Stephen’s Sausage Roll: Facing the End

So, it turns out that the backstory of Stephen’s Sausage Roll totally goes there, but not quite in the way I had expected. The feel is less squick than melancholy. Sadness at the passing of a civilization, at the loss not just of its physical forms, its buildings reduced to ruins and its people grotesquely dehumanized, but of its past, as all the knowledge that the people sought to preserve all their lives vanishes with no one to remember it. Like Link on Koholint, it’s questionable whether anything that happens on the island is anything more than a dream — a lingering dream of the doomed and dead, that confuses and combines the old celebratory feasts with the funeral rites that dominated their final days. Preparing the dead meat for its final rest.

This concern with legacy even informs the final few puzzles. The final chapter is largely concerned with puzzles that have mobile components other than sausages, and one of the things you notice as you go along is that they’re only mobile in puzzle mode. Once you’ve solved the puzzle, they’re frozen in their final positions. Some places take advantage of this to control exploration: solving a puzzle might require pushing some blocks to form a bridge to the grill, and once you’re outside the puzzle and the rest of the world comes back, you use the same bridge to advance to the next puzzle. But this isn’t something you really have to think about until the last few puzzles, where you can easily cook all the sausages and still leave things arranged wrong, blocking off further progress. It isn’t enough to deal with the remnants of the past. You now have to think about the future as well. This is the game’s last big twist.

The climactic puzzle makes it almost inevitable that you’ll mess this up at first. I honestly thought it was just a victory lap, a puzzle in name only that just gives you a whole bunch of sausages in an open space with nothing preventing you from cooking them, as a reward for getting through everything else. I should have known SSR would never do anything that friendly. It is, instead, a puzzle that’s all about setting things up so you can climb a spire after the puzzle is closed. The sausages are basically irrelevant. The game had the power to make difficult non-sausage-based puzzles all along and is only now pointing this out.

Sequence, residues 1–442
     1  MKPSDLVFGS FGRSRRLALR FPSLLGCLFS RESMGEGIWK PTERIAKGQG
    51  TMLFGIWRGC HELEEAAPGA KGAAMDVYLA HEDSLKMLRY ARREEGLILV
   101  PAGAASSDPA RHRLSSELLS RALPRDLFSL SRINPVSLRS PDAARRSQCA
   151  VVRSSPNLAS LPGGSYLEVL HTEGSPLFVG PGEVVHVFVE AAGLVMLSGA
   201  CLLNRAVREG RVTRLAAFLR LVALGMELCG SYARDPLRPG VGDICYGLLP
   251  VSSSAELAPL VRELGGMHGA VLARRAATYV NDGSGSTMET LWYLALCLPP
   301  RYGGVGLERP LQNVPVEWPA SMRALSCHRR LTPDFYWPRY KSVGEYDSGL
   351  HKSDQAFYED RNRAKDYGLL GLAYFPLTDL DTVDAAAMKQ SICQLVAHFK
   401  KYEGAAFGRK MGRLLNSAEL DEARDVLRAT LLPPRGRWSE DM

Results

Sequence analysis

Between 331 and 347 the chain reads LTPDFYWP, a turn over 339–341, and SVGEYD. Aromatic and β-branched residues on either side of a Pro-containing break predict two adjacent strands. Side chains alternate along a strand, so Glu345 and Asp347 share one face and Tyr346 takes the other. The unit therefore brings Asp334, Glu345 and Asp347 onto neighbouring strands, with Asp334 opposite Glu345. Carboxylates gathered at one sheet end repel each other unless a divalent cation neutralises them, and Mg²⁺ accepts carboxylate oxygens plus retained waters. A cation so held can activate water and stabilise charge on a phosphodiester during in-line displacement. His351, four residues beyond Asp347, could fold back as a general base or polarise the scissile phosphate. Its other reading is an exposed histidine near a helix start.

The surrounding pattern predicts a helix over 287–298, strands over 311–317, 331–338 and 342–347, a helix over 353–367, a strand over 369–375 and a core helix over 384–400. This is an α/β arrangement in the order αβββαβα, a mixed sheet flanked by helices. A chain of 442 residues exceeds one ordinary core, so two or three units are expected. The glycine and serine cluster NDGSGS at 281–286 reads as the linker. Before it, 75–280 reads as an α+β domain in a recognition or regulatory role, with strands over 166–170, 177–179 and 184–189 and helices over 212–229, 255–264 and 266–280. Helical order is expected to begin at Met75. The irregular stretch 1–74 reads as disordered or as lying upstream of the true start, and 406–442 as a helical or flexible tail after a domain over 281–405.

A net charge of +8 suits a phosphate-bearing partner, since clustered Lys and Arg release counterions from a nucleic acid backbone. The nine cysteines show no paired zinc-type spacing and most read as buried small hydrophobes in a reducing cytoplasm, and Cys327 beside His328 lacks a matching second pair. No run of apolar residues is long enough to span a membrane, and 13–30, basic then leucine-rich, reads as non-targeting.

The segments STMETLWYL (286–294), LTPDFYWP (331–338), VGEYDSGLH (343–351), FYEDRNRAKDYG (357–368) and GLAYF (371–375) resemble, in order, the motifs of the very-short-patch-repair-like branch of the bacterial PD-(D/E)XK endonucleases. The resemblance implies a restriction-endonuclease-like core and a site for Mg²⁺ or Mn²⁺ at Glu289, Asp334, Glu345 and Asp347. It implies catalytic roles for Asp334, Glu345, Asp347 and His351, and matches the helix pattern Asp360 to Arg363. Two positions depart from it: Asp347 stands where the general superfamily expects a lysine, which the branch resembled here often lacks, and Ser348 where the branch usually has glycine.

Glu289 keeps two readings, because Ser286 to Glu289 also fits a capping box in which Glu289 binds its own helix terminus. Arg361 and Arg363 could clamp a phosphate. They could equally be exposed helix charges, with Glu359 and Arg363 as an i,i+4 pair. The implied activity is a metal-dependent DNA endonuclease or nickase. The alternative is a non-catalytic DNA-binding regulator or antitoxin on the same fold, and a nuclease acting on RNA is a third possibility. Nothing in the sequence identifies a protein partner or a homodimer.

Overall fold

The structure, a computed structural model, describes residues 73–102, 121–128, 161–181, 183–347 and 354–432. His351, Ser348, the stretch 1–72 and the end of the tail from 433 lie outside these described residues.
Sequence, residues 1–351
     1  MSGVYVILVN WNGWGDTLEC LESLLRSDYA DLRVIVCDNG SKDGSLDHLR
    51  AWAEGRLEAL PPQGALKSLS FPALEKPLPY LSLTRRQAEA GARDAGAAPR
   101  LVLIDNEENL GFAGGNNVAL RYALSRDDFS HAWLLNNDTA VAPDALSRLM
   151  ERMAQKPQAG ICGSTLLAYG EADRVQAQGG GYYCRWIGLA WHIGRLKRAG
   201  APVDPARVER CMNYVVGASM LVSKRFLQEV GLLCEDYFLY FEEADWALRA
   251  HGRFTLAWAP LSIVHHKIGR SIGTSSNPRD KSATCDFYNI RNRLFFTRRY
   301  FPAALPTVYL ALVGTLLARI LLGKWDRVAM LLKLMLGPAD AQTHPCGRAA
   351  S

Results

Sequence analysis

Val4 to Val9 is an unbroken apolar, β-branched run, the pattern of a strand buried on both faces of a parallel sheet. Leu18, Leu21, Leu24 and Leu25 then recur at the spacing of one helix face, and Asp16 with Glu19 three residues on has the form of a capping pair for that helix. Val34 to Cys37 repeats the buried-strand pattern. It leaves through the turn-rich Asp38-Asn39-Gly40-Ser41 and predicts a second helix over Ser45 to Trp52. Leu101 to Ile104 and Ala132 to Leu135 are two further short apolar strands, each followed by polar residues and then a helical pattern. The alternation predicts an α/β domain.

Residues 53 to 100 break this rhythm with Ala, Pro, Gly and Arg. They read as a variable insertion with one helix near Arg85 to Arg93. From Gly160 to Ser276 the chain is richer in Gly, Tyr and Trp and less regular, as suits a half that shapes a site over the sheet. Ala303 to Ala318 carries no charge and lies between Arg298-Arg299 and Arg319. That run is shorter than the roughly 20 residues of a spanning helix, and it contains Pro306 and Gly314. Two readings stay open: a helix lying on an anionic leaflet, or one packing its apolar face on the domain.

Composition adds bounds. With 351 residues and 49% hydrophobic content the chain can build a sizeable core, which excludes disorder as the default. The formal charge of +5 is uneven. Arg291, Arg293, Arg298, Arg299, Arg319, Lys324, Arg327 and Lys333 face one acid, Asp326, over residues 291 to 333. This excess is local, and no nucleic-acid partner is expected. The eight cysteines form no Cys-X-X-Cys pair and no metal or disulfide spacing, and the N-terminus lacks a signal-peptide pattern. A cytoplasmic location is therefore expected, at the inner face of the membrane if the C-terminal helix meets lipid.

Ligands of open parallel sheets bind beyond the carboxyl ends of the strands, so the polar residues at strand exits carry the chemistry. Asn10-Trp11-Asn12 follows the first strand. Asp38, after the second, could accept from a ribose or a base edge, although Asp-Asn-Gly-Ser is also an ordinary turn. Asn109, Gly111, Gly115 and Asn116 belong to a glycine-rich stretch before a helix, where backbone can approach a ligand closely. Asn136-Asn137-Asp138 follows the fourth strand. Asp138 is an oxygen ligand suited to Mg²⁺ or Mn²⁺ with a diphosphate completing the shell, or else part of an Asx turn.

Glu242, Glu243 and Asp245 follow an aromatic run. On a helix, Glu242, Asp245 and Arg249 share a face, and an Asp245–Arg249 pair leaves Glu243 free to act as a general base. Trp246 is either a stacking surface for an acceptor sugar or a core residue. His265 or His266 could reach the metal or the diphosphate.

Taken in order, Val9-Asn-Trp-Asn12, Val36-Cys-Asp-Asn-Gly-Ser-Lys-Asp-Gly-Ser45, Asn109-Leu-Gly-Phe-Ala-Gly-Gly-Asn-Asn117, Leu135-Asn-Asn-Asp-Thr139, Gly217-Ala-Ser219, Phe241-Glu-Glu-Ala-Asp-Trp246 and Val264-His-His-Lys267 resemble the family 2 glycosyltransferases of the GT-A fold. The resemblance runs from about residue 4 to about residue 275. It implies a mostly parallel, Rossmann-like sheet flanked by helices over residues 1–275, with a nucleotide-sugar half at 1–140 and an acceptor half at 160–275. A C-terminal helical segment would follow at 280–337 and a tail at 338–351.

And after you’ve done that, then comes the real victory lap: the grills throughout the world light up outside of puzzle mode. Finally, you can cook the remaining overworld sausages! I observed before that you always have the ability to walk all the way back to the beginning of the game, if you’re so inclined, and now the game motivates you to do so. To revisit in reverse all the places where you spent so much time. The people of the island strove to preserve their memories and memorials, and now you have memories of your own associated with the island. So of course you share their fate in the end. In another game, this would come off as cheap irony, but here, it’s really the only possible way to cap off the game’s themes.

2 Comments so far

  1. matt w on 24 Sep 2020

    Is it overreading it if I think that the knowledge that the learned people were trying to preserve is the knowledge of how to solve the puzzles? So that you’re paying respect to them not only by grilling and eating them, but by recapitulating their knowledge?

    One thing about the last puzzle is, not only does it switch to a non-sausage-based puzzle, it is (I think) the only puzzle with gratuitous repetition. There are puzzles where you have to do the same thing to two different sausages because one was an obstacle or prop for the other, and then they switch places, but the puzzle requires both sausages to work. This would effectively be the same puzzle with three objects to stack instead of eight. The repetitive stacking of things that are much larger than you gives it a ritualistic, monumental quality, after what has been a monumental achievement. The last puzzle doesn’t have to be difficult to do justice to the game, but it does have to be big.

    (I also think that the impact would’ve been greater without the previous puzzle that required you to set up the overworld properly. In that one putting the pieces in the right place isn’t that difficult, but it’s fiddly, because you can’t see where they’re going to wind up when you’re in the level.)

  2. Carl Muckenhoupt on 24 Sep 2020

    To some extent, the repetition is part of the puzzle. My own first attempts at building the tower were improvisational and chaotic, and beyond a certain point didn’t work any more. It took me a while to find a technique for raising blocks that could be iterated indefinitely.

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